|Coast Guard Revival|
3: U.S. Coast Guard
By Brad Dunn — February 2001
In the short term the agency says about $257 million will go to immediate renovations of cutters, tenders, radar equipment, and other basic navigational electronics. Some instruments haven't been updated since the 1970s. The Coast Guard also plans to replace Mackinaw, the 87-foot Great Lakes icebreaker that is long overdue for decommissioning.
Drug interdiction efforts are also on the docket for expansion. This year the Coast Guard will spend $565 million to stop illegal drugs from landing on U.S. shores, easily eclipsing its 1999 figure of $372 million. It will increase ship and aircraft operating hours, deploy more armed helicopters, and bolster its drug-smuggling intelligence operations.
The primary focus will be to stop the "go-fast" boats that run narcotics into California and Florida. To that end, the agency said it will buy 15 more high-speed patrol boats, two high-endurance cutters, and eight helicopters.
Perhaps most important to recreational boaters, the National Distress and Response System Modernization (NDRSM) project will get a much-needed shot in the arm. With an estimated price tag of $220 million, the project will use modern VHF technology to build a nationally integrated communications system. New monitoring equipment including Digital Selective Calling technology (see "The ABCs of DSC," January 2001, plus "DSC Redux," this issue) will let watchstanders locate a caller's position with far more accuracy than current direction-finding techniques. With modern software and digital voice recording, watchstanders will also be able to get immediate distress call playbacks with enhanced sound quality, the kind that could have saved the crew of Morning Dew.
Once the NDRSM project is completed, the Coast Guard will be able to monitor individual boats via improved radar and tracking systems. To allow more calls across more channels, the agency will also expand the operating VHF spectrum of frequency to a range of 100 MHz to 1 GHz.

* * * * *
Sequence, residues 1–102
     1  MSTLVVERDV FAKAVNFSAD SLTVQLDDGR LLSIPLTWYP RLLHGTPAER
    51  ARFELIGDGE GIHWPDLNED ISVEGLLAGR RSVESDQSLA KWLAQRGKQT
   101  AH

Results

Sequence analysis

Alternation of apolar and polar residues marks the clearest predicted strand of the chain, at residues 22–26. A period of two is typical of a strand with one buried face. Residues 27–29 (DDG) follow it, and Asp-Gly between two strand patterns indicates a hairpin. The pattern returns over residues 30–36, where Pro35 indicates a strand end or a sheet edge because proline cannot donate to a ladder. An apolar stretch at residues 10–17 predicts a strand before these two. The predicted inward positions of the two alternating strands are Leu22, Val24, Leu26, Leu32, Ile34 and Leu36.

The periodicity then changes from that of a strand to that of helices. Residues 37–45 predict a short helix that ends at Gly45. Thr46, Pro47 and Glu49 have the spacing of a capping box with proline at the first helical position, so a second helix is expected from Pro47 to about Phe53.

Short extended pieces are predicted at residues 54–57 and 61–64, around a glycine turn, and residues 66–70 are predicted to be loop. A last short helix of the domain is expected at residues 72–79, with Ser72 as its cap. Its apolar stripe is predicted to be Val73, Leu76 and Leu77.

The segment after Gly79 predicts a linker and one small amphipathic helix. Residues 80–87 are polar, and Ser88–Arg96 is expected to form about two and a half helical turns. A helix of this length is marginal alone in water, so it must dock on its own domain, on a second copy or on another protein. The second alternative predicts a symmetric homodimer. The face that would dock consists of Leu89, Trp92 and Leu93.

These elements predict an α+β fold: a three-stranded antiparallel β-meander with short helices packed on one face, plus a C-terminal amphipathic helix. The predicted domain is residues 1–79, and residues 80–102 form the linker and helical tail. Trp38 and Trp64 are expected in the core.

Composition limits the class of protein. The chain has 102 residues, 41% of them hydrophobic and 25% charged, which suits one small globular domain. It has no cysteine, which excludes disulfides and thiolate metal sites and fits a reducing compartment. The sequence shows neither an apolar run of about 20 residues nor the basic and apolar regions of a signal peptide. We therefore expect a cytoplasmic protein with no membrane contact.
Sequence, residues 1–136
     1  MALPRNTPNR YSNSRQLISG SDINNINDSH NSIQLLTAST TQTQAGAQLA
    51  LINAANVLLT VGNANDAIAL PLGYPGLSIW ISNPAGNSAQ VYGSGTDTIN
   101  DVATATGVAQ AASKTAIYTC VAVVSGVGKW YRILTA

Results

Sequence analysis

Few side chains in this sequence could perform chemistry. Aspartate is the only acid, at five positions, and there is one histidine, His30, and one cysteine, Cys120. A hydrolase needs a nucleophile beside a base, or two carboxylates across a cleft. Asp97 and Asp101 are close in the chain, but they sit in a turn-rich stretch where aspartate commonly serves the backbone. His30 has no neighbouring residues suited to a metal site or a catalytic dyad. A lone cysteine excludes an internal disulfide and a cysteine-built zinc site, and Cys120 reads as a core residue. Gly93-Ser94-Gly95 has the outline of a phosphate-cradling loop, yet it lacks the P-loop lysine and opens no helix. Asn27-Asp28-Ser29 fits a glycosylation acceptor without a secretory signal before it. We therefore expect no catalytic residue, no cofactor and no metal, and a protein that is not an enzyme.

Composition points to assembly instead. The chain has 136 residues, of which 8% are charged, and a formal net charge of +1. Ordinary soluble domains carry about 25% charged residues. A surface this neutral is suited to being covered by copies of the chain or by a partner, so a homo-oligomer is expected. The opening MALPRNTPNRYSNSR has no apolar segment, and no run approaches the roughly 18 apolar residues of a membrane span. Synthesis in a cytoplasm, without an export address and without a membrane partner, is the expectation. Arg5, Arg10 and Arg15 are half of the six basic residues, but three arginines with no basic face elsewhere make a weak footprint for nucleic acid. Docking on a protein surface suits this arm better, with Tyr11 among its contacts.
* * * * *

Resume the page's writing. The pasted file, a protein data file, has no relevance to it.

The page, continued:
The NDRSM's full-scale development phase will begin next year, and the whole system is slated to be online by 2006. The Coast Guard says the project will be the most important development in public boating safety in decades.
For an agency that has had little in the way of legislative or financial support over the past 20 years, the Coast Guard has grown accustomed to running marathons on an empty stomach, performing its myriad tasks without complaint. But now it's got a new meal ticket, one that will pump fresh energy into its wide-roaming sea legs and long-standing tradition of excellent service.
And while you may not witness the capture of a high-speed drug-running boat, the containment of an oil spill, or the arrest of a drunken boater, soon you will be able to cruise the coastline a little easier knowing that more than ever someone somewhere really is Always Ready.
This article originally appeared in the May 2003 issue of Power & Motoryacht magazine.